There are two revolving doors: one between politics and the media, and the other between government and interest groups. Sheryl Stolberg writes at The New York Times about the latter:
Washington’s health care revolving door is spinning fast as the new online health insurance marketplaces, a central provision of President Obama’s health care law, are set to open Oct. 1. Those who had a hand in the law’s passage are now finding lucrative work in the private sector, as businesses try to understand the complex measure, reshape it by pressing for regulatory changes — or profit from it.
That means boom times for what might be called an Obamacare cottage industry, providing work for dozens of former administration and mostly Democratic Congressional officials whose immersion in health policy minutiae, and friendships, make them invaluable to private business.
Dr. Dora Hughes, for example, has a medical degree from Vanderbilt and a master’s in public health from Harvard and never envisioned joining a law firm. But Dr. Hughes, a former Obama administration official, has something Washington lawyers and lobbying shops covet: an insider’s understanding of the new health care law.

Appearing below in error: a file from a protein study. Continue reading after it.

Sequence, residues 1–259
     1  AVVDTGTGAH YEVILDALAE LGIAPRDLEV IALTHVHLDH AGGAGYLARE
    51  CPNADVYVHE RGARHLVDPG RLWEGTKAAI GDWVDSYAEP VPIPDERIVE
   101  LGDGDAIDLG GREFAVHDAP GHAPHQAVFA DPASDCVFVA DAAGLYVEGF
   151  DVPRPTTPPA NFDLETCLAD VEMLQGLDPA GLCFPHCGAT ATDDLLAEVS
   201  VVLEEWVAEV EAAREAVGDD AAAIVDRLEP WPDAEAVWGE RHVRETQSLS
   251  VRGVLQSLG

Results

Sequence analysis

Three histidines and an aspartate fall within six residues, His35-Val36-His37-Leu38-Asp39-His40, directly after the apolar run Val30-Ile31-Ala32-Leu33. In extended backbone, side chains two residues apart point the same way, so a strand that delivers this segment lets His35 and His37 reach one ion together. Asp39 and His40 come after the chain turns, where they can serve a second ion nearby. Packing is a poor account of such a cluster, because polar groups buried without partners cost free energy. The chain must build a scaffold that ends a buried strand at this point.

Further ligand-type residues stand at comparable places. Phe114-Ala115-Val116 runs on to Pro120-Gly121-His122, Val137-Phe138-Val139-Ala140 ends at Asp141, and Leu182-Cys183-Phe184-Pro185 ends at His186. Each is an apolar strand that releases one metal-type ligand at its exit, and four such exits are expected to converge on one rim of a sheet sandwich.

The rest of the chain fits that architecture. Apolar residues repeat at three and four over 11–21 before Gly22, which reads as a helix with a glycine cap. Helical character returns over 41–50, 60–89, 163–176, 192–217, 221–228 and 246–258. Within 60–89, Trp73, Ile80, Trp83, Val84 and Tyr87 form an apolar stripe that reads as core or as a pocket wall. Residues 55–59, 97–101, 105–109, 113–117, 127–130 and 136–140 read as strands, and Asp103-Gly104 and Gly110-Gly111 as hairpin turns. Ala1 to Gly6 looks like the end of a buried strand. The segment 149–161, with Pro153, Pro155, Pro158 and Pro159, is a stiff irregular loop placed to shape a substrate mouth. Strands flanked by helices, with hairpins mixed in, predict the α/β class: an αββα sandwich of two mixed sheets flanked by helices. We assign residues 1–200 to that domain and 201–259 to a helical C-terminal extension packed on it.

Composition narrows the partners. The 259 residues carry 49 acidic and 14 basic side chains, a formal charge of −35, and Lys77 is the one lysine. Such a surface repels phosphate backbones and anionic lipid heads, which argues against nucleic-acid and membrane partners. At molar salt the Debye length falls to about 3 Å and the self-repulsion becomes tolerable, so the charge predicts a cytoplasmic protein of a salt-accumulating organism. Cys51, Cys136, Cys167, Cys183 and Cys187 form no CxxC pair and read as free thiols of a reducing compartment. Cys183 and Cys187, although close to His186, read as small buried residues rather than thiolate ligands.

After nearly four years as counselor to Health and Human Services Secretary Kathleen Sebelius, she left government last year to work for Sidley Austin, which represents insurers, pharmaceutical companies, device makers and others affected by the law. She is not a registered lobbyist, but rather a “strategic adviser,” although some call that a distinction without a difference.
The health care industry now spends more money on lobbying in Washington than any sector of the economy — more than $243 million last year alone, slightly higher than the $242 million spent by financial, insurance and real estate companies, according to the Center for Responsive Politics here.
Of the “revolving door lobbyists” profiled by the center, those specializing in health care account for 12 percent, more than any other economic sector.